Many marketers are still struggling to fully grasp the implications of programmatic advertising. They need to pick up the pace because a new consumer phenomenon is emerging.
According to a recent report from Forrester, less than 50% of marketers claim to truly understand programmatic techniques in advertising. Yet, while the laggards are still getting their heads around dynamic methods for buying ads, their customers are beginning to acquire similar capabilities to automate decisions about what they buy.
Unsurprisingly, large retailers are leading the way, including the much maligned UK grocery giant, Tesco. The team at Tesco Labs are trialling yet another neat innovation by the adding If This Then That (IFTTT) capabilities to their ecommerce system.
The elevator pitch is simple. Customers will be able to 'programme' their grocery orders using simple rules, making shopping easier and more efficient. In addition to smaller grocery bills, the potential benefits include fewer forgotten items, less wastage and more timely deliveries of important or perishable products.
For those who haven't yet experienced the joys of IFTTT—pronounced like "gift" without the G—it’s a software service that monitors linked accounts, or Channels, to automatically perform predefined actions when specified triggers occur. In plain English, if this thing occurs, then automatically do this other thing.
As the array of accounts with which IFTTT can interact has grown, so too has the list of novel uses. With more data sources, the rules can be more complex. Tesco's imaginative approach is potentially one of the most significant. While still very much at a nascent stage, and arguably little more than a niche curiosity at the moment, This surely heralds the genesis of a new mainstream phenomenon; the programmatic consumer.
Tesco have published a few simple examples(See below) to show in practical terms how the capability might be used. They've also very wisely reached out to crowdsource further suggestions from the public.
With my geek hat on, I'm rather excited about the idea of applying a bit of Boolean logic to the mundane task of buying provisions. Through the addition of just a few data sources, a huge amount of fun could be had with this functionality. It's easy to imagine a plethora of buying decisions becoming programmatic.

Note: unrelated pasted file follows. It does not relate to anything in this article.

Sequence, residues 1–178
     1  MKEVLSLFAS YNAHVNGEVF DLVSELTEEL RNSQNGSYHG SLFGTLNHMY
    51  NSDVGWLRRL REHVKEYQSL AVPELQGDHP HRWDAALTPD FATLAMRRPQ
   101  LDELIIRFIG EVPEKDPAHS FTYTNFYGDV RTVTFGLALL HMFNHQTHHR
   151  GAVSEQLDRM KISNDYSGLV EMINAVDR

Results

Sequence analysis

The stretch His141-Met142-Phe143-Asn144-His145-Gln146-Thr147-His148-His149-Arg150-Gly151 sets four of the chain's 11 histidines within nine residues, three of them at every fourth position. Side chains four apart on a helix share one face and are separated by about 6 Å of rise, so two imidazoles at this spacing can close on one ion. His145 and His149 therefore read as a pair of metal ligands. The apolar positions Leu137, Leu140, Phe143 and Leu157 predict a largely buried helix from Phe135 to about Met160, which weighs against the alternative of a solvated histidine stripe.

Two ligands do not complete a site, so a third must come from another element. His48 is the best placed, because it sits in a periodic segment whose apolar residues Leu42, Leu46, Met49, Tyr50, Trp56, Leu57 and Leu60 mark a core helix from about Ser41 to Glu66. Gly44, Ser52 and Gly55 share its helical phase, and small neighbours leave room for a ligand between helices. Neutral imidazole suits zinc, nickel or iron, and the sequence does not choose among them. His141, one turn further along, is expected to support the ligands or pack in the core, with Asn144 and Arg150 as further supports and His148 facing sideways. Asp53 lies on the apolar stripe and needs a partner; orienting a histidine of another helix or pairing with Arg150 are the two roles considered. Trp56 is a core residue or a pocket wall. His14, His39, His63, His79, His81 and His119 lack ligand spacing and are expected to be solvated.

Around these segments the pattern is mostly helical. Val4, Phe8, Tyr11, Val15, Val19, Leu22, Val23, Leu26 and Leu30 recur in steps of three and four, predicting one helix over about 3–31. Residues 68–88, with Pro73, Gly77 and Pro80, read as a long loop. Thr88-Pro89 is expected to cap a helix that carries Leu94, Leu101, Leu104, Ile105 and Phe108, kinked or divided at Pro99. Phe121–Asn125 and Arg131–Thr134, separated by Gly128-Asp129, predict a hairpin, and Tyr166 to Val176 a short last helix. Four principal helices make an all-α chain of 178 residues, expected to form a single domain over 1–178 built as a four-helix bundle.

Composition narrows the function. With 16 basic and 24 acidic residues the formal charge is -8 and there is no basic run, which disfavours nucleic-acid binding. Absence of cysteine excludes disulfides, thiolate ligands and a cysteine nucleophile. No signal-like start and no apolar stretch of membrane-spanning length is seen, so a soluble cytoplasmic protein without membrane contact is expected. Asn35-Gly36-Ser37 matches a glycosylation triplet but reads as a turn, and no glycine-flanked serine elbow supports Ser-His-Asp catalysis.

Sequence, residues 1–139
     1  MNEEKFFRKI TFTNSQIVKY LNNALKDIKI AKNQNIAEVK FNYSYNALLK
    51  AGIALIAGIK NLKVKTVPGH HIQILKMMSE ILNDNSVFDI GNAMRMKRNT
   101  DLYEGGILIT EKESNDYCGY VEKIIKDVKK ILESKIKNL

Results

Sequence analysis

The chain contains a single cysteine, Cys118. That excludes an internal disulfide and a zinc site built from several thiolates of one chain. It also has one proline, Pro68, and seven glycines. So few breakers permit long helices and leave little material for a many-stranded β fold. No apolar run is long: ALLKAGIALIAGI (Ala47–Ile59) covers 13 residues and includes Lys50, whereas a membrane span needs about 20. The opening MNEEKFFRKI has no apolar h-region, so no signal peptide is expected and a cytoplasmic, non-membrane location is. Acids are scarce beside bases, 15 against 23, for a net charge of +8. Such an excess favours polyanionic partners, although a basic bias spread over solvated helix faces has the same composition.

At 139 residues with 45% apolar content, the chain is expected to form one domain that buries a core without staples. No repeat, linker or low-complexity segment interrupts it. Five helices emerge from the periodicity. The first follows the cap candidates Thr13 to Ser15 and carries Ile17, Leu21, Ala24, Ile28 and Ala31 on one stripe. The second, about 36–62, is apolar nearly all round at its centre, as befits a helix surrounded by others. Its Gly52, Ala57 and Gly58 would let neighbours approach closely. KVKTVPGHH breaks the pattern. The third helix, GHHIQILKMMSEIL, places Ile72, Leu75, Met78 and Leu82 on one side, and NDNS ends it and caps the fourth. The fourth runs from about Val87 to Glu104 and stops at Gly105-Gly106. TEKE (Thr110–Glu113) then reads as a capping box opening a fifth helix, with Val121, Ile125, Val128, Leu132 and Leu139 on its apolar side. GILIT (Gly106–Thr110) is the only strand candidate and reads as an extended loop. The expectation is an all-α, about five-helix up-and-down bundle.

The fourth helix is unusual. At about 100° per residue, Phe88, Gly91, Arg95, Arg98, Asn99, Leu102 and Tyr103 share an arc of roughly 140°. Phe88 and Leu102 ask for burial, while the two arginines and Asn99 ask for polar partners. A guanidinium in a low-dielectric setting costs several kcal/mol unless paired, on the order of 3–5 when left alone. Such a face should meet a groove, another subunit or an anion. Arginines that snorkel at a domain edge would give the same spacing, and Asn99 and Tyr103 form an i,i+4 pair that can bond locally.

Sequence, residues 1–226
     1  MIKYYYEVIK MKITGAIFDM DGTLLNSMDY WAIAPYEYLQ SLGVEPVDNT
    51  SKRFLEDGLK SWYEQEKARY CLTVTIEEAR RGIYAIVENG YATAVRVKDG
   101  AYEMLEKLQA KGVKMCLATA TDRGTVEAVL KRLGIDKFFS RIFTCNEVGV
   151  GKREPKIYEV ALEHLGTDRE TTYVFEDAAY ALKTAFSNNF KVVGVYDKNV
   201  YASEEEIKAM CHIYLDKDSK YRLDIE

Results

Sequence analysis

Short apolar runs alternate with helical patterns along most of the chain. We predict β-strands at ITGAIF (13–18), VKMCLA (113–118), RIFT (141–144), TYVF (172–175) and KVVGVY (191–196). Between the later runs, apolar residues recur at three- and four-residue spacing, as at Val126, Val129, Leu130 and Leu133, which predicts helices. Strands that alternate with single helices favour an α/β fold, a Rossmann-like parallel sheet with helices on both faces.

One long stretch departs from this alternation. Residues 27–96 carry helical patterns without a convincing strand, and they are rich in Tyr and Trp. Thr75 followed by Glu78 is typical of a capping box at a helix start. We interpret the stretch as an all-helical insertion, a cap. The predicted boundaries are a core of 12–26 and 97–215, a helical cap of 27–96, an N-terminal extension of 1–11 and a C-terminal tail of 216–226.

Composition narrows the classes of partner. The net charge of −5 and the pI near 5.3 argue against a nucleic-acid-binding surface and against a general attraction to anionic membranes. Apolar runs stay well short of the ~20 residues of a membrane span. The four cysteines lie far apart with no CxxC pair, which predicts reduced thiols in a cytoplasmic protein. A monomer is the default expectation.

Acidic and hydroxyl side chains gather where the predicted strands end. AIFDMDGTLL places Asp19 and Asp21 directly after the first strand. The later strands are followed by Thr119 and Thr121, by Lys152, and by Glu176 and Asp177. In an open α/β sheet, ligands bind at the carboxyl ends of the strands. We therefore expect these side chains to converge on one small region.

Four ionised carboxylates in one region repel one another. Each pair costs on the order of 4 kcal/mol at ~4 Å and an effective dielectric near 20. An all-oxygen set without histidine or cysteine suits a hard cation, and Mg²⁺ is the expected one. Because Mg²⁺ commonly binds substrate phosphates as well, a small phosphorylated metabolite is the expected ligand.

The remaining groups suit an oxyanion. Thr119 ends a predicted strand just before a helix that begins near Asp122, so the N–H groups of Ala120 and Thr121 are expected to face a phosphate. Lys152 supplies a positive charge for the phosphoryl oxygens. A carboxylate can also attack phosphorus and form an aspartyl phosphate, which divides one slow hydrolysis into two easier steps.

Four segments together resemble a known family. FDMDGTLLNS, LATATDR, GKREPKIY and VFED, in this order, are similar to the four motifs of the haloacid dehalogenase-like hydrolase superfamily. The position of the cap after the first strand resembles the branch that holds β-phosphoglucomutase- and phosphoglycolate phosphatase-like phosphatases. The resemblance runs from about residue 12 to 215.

The simplest would rely largely on clever scheduling and price watching routines, such as programming an order for Valentine's Day flowers to be placed early enough to ensure a timely delivery but late enough to enjoy some last minute discounts. A further level of sophistication would achieved by adding data from automated home systems, facilitating the purchase of light bulbs, water filters and washing powder.
The scope for clever purchasing broadens even further when you factor in datasets from wearable tech. How might your grocery shopping change if your food were to be ordered with due consideration for the amount of cardio-vascular exercise you've undertaken, your BMI or the amount of cholesterol in your blood? Health and wellbeing benefits are easy to imagine and coupled with potential domestic procurement efficiencies (i.e. "saving money"), it's easy to see how mainstream audiences might embrace this technology.
But there's an even more sophisticated approach that will surely evolve, bringing new commercial and societal nuances to the concept of the programmatic consumer.
If you take all the aforementioned data sources and add to them triggers and thresholds relating to content consumption and social media, a profoundly different picture emerges:
Some plausible scenarios might include:
Select the brandy that has the highest rated reviews online and purchase a bottle one week before the birthday of [friend/relative]. Repeat annually.
Or, more alarmingly...
IF this brand/style of skirt is liked by at least half of my friends on Facebook AND falls below [PRICE POINT] before next Friday, THEN purchase.
It really doesn't take long to compile a long list of possible applications for this kind of technique that will completely change the way we shop. Indeed, I predict the start of an entirely new marketing discipline; providing software, data and analyses to help consumers optimise their shopping.
To be clear, this is not simply a matter of enabling customers to get better prices.
Nope. We have to take a wider view of human decision making to consider the implications. We'll begin to use multiple rules and data sources to (in industry speak) 'optimise' more nuanced and subtle KPIs such as personal happiness, influence and status. We'll soon see the rise of digital shopping tools that make recommendation engines look crude and outdated.